The organizers of a month-long installation and festival occupying parts of an aging mall in Melbourne’s sprawling eastern suburbs hope to strike up a conversation about gender equity and the gendered nature of public spaces through an idiosyncratic program that includes a feminist karaoke party, cake decorating classes and a number of workshops and other events.
Titled Framed by Gender, the project involving artist Anna Farago and feminist art collective Hotham Street Ladies aims to “disrupt, explore and positively reframe notions of equality.”
The Boronia Mall, opened in the 1970s, has experienced high rates of vacancy in recent years, with a plan by the local council and Renew Australia to revitalize the building in 2016 pronounced a “failure.”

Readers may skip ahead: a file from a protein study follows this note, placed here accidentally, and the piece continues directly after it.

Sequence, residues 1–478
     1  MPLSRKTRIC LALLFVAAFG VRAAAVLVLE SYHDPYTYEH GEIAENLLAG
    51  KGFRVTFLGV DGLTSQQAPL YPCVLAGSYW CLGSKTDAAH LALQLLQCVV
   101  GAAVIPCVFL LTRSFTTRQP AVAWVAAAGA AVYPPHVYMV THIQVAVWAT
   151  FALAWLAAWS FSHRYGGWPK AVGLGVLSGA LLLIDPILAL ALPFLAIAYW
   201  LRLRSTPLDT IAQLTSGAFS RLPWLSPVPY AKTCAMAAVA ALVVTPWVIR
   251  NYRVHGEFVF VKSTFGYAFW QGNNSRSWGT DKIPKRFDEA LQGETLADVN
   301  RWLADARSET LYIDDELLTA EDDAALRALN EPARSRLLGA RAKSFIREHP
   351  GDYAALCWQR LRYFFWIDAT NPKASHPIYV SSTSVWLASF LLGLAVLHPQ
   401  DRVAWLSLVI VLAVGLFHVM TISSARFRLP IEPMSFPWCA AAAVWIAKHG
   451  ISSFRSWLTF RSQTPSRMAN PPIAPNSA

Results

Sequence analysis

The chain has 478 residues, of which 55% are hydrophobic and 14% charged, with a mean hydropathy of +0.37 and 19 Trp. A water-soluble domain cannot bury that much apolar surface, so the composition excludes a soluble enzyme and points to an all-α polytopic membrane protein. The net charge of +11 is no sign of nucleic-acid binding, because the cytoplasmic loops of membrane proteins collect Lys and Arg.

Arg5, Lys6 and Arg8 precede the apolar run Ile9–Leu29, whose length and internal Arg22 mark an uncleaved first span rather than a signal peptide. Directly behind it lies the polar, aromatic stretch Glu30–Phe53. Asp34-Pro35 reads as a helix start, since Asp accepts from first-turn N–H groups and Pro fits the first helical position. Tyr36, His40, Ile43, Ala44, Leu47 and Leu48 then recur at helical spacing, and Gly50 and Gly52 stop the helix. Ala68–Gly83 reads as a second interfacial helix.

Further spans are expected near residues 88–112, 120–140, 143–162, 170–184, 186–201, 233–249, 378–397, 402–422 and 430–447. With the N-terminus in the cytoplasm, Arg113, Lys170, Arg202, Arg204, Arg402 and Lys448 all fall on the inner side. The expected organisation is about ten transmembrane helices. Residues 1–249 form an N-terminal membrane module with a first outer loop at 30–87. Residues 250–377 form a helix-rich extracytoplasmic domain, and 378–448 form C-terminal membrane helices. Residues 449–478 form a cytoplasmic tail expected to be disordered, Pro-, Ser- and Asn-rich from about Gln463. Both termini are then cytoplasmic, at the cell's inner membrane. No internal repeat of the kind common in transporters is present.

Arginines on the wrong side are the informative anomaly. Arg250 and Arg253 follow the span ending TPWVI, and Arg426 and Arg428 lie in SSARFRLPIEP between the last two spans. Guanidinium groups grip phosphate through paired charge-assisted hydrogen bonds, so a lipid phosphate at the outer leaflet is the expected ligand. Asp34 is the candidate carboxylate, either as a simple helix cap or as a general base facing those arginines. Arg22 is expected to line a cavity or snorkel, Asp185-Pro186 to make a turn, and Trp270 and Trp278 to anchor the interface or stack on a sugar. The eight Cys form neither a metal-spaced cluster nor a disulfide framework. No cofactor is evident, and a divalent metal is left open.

The centrepiece of the Framed by Gender program is The Shop of Opportunity, a large-scale installation by the Hotham Street Ladies that will occupy a former Glora Jeans cafe. The space “will become a gallery and community venue, where the community can participate in arts, installation, performances and collective events to explore themes of feminism, community, suburbia, public space and gender equality.”
The five-member Hotham Street Ladies collective has explored the gendered nature of space and architecture through a number of previous works, including its winning entry with Pop Architecture in the 2018 Tapestry Design Prize, Australia’s only architectural tapestry prize.
The group is also organizing a “Feminism for Kids” cake icing workshop and a scavenger hunt for children that looks at “spaces, shops, signs and symbols that are gendered in some way or have gender implications.”
The festival kicks off on 9 November with a karaoke party on the mall’s revolving stage, hosted by the Hotham Street Ladies.
For more information on the programme of events, go here.